One quick tip for your driver? During winter in Iceland, most accidents occur due to black ice, right when the temperature falls just below freezing. “Black ice” refers to ice on the roadway that’s not immediately visible to the driver. Since the driver doesn’t see the ice on the roadway, they continue driving as normal, and they then lose control of the vehicle. If you’re driving in Iceland in winter, be sure to look out for ice and take extra caution while driving, even if the roads look clear. 

One way that Lava Car Rental helps ensure our customers are as safe as possible while driving throughout Iceland in winter is by outfitting all our vehicles with studded winter tyres, from November through mid-April. These tyres will give your vehicle extra traction as you drive over ice and snow, helping prevent accidents.

In addition, as an extra layer of protection, we also provide a range of rental car insurance for free, included in the base cost of your rental. This includes…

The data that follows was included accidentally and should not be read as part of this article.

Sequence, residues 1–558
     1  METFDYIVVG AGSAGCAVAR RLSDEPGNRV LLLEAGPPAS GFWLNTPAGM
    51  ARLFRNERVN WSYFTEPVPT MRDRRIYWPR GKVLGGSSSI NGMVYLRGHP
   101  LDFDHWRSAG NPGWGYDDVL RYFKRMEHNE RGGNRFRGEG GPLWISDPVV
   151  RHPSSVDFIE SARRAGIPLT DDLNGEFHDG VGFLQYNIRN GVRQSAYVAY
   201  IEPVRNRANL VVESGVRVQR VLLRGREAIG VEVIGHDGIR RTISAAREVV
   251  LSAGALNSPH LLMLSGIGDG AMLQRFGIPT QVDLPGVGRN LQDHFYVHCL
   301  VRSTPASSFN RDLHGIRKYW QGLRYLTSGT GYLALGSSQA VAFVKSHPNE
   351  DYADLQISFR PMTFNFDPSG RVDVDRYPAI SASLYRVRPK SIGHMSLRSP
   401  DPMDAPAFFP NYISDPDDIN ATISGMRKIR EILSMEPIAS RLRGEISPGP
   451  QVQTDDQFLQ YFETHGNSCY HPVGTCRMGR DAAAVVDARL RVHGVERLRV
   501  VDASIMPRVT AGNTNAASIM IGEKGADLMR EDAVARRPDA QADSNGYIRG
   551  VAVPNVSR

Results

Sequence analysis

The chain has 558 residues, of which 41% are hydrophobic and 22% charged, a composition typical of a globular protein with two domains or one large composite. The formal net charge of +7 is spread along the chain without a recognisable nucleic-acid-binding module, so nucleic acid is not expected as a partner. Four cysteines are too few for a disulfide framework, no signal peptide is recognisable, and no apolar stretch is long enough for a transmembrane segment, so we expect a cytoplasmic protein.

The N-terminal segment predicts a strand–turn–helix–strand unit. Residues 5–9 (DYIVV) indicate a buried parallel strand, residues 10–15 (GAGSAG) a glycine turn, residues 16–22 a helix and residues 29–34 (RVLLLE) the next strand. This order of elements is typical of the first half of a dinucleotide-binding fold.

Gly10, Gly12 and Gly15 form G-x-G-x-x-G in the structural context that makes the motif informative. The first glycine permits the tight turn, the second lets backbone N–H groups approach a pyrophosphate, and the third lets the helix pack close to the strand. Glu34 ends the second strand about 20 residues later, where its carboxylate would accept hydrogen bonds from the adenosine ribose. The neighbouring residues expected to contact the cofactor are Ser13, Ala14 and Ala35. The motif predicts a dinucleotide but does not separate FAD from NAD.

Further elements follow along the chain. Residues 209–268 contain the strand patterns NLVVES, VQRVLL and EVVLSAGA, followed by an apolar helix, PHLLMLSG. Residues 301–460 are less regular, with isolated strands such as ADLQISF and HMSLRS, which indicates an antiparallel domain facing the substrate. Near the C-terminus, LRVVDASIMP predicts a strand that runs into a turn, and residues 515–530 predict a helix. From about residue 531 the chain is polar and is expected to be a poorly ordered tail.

• Third-party liability insurance
  • Collision damage waiver insurance
  • Super collision damage waiver insurance
  • Gravel protection insurance
  • Theft protection insurance

This breadth of coverage, with a liability excess of 150,000 ISK, ensures that you and your fellow travellers are covered in the event of collisions, theft and damage due to gravel or rocks. It all adds up to one less thing for you to worry about during your trip.